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Commission nixes neon for P. Terry’s sign

Friday, September 5, 2014 by Elizabeth Pagano

(Natalie Krebs participated in the preparation of this story.)

The new downtown P. Terry’s struck out for a second time at the Historic Landmark Commission on Monday night, where it became abundantly clear that the local burger stand will not be getting a neon sign anytime soon.

P. Terry’s founder, Patrick Terry, returned to the commission to plead his case for a neon sign at 515 Congress Ave. This time, he came with proof that neon would be historically accurate.

Commissioners were not sufficiently swayed by Terry’s testimony. They voted 4-1 to approve staff recommendation, which will allow the signs but not the neon, with Commissioner John Rosato voting against. Commissioners Mary Jo Gallindo and Andrea Roberts were absent.

Terry said he returned with what he thought was good news. In the month since he was last before the commission, Terry had found proof that Joe Koen & Son Jewelers had once had a neon sign on the site.

Commissioner Terri Myers expressed surprise that Terry was back with the same request. Per their rules, commissioners will reconsider cases in which the applicant can show there was a neon sign previously. In this case, it was unclear whether that rule applied, because the neon sign was on a building that previously stood at 515 Congress Ave.

“In the past, we have allowed existing historic signs on existing historic buildings, which I think is the intent,” said Chair Laurie Limbacher.

“We have a bank building sitting here now,” said Terry. “I don’t think a neon sign would impede the historical interpretation of a building that is sitting there right now.”

Though the new P. Terry’s will not be in a historic building, the location is in the Congress Avenue and Sixth Street historic districts, giving the commission authority over signs. Its guidelines say there should be no exposed neon in signs in those districts.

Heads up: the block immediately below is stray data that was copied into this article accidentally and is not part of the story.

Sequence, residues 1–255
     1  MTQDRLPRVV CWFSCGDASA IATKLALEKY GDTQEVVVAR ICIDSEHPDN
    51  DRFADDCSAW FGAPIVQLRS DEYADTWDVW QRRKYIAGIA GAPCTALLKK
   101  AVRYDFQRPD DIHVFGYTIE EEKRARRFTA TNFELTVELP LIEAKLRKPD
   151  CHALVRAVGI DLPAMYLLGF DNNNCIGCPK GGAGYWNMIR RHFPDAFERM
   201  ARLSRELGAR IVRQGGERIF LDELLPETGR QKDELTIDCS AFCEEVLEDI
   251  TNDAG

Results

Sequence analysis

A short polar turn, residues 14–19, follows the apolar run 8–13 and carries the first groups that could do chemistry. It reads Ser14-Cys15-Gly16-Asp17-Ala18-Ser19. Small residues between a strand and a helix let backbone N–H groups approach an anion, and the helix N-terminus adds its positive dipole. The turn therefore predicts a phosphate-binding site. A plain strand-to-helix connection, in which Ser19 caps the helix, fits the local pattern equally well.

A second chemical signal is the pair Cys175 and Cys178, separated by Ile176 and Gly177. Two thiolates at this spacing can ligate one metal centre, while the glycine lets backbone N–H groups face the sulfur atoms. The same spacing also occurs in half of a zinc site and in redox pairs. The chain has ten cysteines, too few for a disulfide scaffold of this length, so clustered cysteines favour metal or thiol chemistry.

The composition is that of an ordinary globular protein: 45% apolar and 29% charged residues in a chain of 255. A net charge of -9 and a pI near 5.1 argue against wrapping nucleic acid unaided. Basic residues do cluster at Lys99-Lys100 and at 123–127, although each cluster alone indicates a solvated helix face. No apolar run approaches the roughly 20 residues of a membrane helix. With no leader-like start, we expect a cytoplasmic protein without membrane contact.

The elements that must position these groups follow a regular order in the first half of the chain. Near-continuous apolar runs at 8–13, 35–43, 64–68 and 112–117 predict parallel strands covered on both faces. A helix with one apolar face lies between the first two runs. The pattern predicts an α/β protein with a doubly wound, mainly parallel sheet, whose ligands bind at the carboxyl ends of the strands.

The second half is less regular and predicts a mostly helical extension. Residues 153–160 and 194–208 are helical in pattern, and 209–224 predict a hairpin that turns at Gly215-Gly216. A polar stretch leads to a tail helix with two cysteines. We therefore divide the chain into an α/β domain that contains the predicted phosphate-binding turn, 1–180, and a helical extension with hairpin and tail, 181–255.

Historic Preservation Officer Steve Sadowsky said they were already being flexible about what signs they were allowing P. Terry’s to have, and suggested the commission “stand by their guns” on the exposed neon issue.

“Even though these signs are oversized and too many in number, staff’s recommendation was to approve them, but not the exposed neon,” said Sadowsky. “Staff is very concerned about setting a precedent in both of these districts. We would have probably hundreds of applications for neon signs on Sixth Street.”

Limbacher pointed out that the commission did not just consider individual buildings, but the character of the district as a whole. She said it had been a “pretty big issue” for commission members to limit the use of neon where there is an actual historic sign, with historic neon, on a historic building.

Rosato, the lone vote of dissent, explained that he had been upset about illegal neon on Sixth Street in the past, but the reality was that “exposed neon was a lot more historic looking” and more attractive than the proposed sign, which uses halo lighting and channeled letters.

“It would seem as though exposed neon would be perfectly appropriate,” said Rosato. “That’s just my opinion.”


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